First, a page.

The workshop brought together a group of computer scientists, experts in Semantic Web technologies. Although the general trend is upscaling, here, the notion is of downscaling, decentralizing, even reducing the Web of Data, for a special reason. The need for data sharing in the developing world is an important topic, especially the case of rural areas in Africa, and of schools in developing countries. Another area is disaster management, also presented here. In disaster, the amount of data is especially the issue, when rescue teams have to take fast decisions in situations that concern life and death. Here, downscaling is especially necessary to reduce the amount of data, and keep only what is relevant…
For developing countries, three topics were presented, where Linked Data can be applied: (i) Linked Market Data from rural communities in the Sahel, (ii) SemanticXO, linked data to share accross children's computers that don't have access to the internet, but still want to share data, and (iii) the Web of Radios, currently only a dream, but one that can become reality, positioning community radio an important future content provider in Africa.
It is nice to share ideas on problems and solutions. Today, the key-note speaker Abraham Bernstein, argued in his opening speech that we should throw the Semantic Web into the garbage. The audience was surprised, especially when he argued that the garbage is the best place to be. The garbage is the place where problems and solutions meet, and also the place where theory and practice meet, according to Bernstein. To stay in his metaphor, the Downscale workshop was actually a place where theory and practice met. It is a challenge to make two extremely different worlds meet. Can we make theory and practice meet in the sense that the intellectual Semantic Web community, absorbed in theory, meets the harsh reality of the rural practice in Mali concerned with real life problems and characterized a high level of illiteracy? And can this meeting be reciprocal? I mean, it possible to bridge these two worlds using Linked Data as well as social networking and make the two worlds benefit from this meeting? It is probably not these extreme opposites the keynote speaker and conference participants had in mind, but we can give it a try…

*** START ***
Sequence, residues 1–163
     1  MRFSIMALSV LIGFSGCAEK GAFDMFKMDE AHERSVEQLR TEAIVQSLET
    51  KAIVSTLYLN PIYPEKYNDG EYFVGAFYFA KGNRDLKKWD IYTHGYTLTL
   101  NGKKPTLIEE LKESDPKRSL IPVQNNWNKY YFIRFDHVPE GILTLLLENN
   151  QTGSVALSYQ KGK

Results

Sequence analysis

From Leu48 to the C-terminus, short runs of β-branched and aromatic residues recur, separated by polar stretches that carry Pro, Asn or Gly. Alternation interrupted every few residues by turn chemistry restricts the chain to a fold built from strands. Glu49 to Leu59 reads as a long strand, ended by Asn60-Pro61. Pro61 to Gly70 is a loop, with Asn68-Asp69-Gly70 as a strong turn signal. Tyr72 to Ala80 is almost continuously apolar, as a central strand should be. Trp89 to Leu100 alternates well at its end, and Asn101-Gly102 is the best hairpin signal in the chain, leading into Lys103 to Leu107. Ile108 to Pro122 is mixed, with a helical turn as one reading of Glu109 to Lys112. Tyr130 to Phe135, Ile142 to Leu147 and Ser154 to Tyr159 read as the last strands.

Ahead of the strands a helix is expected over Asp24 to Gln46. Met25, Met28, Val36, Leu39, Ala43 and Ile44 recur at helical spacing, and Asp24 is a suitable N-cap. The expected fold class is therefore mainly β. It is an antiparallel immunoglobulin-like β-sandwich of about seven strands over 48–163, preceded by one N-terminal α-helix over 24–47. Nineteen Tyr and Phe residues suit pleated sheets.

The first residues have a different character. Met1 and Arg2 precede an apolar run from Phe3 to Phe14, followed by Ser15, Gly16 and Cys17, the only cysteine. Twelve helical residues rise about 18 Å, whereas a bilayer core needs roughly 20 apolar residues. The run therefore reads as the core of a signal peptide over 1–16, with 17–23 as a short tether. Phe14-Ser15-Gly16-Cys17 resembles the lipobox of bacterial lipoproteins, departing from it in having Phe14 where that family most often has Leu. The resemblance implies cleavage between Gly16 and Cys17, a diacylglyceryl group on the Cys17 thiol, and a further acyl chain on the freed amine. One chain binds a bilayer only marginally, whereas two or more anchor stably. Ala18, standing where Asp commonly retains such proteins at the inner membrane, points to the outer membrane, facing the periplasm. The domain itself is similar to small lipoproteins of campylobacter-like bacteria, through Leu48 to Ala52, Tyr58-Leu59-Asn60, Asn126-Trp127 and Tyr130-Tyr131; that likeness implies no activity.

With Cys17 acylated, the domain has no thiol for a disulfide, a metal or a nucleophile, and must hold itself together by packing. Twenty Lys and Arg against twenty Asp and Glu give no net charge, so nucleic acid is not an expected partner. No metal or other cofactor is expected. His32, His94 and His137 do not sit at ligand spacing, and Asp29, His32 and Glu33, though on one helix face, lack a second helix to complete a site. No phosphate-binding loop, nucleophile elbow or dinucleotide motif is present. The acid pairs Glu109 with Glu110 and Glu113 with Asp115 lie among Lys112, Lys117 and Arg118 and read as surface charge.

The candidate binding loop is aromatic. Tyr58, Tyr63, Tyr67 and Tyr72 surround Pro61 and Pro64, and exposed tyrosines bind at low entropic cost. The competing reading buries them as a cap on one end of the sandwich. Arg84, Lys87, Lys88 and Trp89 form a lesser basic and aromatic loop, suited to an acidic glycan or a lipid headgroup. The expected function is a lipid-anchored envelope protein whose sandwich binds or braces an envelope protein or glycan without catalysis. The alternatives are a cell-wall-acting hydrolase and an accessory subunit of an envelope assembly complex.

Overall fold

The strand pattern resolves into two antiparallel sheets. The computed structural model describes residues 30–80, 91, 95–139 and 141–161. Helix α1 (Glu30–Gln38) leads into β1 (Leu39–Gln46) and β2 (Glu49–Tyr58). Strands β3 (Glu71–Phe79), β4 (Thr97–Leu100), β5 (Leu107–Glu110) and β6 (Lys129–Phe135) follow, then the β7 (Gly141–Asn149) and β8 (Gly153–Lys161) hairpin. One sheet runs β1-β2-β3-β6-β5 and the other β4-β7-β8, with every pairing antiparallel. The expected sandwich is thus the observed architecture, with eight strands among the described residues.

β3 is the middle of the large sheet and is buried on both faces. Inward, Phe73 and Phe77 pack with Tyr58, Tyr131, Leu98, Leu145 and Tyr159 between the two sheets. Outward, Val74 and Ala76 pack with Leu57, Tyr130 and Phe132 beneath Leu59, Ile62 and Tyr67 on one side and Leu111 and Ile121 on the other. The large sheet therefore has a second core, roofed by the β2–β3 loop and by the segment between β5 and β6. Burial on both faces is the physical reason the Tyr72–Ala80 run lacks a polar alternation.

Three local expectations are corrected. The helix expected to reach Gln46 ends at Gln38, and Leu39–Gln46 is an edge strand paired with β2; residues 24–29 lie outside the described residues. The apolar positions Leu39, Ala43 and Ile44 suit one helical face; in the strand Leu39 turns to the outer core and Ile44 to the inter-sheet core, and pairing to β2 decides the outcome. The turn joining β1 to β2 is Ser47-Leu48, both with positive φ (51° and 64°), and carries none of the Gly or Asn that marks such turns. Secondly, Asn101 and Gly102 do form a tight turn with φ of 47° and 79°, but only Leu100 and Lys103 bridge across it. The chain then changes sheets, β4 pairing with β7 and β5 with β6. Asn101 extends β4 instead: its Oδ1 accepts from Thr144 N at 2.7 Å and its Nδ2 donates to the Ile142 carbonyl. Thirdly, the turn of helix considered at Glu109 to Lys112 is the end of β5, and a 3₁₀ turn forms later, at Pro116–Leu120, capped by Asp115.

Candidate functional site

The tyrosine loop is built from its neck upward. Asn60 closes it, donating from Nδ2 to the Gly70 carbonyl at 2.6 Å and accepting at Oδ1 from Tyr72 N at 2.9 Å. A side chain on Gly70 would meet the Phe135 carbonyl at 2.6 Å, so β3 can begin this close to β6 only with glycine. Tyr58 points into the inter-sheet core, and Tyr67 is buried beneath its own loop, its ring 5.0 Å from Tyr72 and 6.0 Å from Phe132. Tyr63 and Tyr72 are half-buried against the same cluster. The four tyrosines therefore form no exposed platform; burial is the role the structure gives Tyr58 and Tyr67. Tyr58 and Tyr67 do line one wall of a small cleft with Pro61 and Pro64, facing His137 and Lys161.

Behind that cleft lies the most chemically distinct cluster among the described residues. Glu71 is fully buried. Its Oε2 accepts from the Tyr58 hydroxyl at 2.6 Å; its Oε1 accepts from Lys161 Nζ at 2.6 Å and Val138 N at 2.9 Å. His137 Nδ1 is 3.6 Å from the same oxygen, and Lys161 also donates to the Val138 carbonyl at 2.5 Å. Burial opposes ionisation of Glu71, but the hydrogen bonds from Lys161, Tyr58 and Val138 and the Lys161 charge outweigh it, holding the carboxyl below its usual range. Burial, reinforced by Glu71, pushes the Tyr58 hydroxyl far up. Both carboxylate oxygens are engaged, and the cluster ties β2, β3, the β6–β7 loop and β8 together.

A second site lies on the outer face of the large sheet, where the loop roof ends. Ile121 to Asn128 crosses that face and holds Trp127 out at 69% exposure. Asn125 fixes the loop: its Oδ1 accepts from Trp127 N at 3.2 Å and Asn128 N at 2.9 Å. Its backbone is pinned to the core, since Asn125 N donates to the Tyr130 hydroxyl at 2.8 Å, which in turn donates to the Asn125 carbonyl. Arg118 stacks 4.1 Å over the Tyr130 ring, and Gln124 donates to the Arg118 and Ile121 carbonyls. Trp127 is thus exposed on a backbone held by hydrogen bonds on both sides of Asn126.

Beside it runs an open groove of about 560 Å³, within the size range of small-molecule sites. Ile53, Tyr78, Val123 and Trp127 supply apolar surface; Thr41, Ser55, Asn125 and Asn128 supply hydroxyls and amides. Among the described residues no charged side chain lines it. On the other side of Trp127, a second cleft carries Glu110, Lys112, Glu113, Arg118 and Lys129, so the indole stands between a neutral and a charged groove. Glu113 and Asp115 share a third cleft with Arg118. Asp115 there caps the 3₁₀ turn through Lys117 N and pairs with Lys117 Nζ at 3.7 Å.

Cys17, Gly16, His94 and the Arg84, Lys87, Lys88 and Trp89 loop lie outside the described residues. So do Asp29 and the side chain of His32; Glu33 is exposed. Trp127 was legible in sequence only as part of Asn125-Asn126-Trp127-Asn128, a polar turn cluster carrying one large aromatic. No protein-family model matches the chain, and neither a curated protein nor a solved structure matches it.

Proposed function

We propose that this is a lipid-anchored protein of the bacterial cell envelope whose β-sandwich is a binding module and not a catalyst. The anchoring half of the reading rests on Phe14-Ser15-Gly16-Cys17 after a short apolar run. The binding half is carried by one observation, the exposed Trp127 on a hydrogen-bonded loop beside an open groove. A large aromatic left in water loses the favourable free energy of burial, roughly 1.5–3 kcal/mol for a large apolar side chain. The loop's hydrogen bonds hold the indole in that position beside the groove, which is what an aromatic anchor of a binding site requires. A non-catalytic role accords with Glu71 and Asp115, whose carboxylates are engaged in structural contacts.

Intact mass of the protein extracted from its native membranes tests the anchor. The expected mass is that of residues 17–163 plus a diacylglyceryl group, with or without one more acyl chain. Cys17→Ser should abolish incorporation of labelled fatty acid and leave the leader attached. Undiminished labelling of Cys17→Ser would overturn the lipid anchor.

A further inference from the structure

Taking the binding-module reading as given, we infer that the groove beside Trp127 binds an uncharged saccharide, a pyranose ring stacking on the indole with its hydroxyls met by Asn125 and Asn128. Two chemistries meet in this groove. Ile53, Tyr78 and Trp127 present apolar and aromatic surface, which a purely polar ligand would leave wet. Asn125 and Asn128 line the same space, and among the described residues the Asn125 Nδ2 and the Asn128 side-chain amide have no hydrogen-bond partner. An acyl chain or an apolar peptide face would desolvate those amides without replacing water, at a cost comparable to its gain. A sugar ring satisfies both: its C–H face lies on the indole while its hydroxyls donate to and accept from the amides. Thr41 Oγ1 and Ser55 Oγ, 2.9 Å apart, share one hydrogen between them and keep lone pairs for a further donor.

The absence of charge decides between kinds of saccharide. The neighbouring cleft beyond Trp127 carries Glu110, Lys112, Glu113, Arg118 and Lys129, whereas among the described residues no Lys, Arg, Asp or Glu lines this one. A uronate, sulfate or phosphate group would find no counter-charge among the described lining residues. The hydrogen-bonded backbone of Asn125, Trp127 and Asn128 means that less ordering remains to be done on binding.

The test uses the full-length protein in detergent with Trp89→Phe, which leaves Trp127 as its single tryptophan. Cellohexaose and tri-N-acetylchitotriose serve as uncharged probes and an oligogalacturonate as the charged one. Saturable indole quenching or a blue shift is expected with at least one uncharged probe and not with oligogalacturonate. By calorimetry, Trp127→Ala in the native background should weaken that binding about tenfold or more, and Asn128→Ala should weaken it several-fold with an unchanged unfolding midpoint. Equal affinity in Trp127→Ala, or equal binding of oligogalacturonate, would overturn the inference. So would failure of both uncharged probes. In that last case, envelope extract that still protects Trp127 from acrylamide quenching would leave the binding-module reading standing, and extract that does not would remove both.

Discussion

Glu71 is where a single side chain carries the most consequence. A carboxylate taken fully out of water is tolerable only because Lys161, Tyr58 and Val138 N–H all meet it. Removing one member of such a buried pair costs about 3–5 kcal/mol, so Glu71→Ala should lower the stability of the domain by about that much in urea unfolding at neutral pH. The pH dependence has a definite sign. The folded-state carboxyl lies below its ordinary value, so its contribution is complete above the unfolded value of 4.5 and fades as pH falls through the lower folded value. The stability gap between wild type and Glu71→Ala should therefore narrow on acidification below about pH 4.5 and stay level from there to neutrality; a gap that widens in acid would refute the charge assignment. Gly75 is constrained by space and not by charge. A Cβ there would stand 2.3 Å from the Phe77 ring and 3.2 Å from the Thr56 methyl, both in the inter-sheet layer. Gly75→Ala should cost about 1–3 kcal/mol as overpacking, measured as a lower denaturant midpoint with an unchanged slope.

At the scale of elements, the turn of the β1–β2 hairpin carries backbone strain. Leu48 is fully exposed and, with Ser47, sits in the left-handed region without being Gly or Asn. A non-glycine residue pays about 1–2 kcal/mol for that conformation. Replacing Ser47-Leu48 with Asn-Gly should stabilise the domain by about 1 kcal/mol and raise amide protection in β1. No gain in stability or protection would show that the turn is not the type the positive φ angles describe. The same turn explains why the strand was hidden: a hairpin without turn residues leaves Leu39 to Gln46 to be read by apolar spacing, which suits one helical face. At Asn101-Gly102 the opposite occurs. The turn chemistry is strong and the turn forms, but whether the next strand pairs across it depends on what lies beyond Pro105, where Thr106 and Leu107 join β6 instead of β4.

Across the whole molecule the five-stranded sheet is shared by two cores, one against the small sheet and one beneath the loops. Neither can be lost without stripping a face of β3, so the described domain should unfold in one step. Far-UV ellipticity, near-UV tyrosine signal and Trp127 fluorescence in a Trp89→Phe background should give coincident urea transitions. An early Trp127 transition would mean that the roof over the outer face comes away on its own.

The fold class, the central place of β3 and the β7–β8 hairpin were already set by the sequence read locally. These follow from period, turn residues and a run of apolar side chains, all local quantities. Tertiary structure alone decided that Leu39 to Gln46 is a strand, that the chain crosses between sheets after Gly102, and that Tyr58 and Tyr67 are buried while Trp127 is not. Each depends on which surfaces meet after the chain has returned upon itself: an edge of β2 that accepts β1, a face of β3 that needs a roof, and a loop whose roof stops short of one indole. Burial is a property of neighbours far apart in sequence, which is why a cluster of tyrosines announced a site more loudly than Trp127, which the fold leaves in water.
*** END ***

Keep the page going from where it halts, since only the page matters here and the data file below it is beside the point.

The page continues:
W4RA poster "Bringing the Web of Data to Developing Countries: Linked Market Data in the Sahel" by Victor de Boer, Nana Baah Gyan, Pieter De Leenheer, Anna Bon, Chris van Aart, Christophe Guéret, Wendelien Tuyp, Stephane Boyera, Mary Allen and Hans Akkermans wins prize for best poster at the Extended Semantic Web Conference 2012, Crete. The poster was selected by votes from 300 conference participants. Download the poster here.
Foroba Blon - Citizen Journalism in Rural Areas in Mali, a short documentary
W4RA at VU Amsterdam Multicultural Event
At VU University Amsterdam the annual Multi Cultural event will take place on June 6th 2012, with interesting talks, expositions, and even music and dance. The Web Alliance for Regreening in Africa will be well represented during this event.
In the morning, after the welcome by the Rector Magnificus Lex Bouter, Hans Akkermans will chair the first part of the International workshop on Cultural Diversity, and the guest speaker is our South-African partner, Etienne Barnard, from the Multilingual Speech Technology Research Group, North-West University. Etienne will present: "
Speaking Different Languages: Can Speech Technology Make the World a Better Place?"
In the afternoon Hans Akkermans and Stefan Schlobach will present:
“ICT4D: Developing Countries and the Globalization of the World Wide Web”
Organization of this event is done by the VU Centre for International Cooperation, the Network Institute and the Institute for Environmental Studies.
For more information or registration, please visit http://www.vu-multicultural.nl/
New students' community for Re-greening in Africa
The first W4RA Student mini-symposium was held at the Intertainlab of VU Amsterdam, on 20th April 2012. It was organized by Victor de Boer, to promote exchange of ideas amongst the students that are currently working on ICTD related topics. The Web 4 Regreening in Africa has really been inspiring, and has brought a variety of topics for further research. Wendelien Tuyp from the VU Centre for International Cooperation, and Pieter De Leenheer, who is supervising these students together with Victor, were also present at the symposium.